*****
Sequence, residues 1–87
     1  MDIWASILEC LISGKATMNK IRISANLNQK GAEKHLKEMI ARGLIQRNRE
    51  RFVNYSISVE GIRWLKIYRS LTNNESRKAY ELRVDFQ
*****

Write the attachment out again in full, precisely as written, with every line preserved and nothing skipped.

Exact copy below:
Sequence, residues 1–87
     1  MDIWASILEC LISGKATMNK IRISANLNQK GAEKHLKEMI ARGLIQRNRE
    51  RFVNYSISVE GIRWLKIYRS LTNNESRKAY ELRVDFQ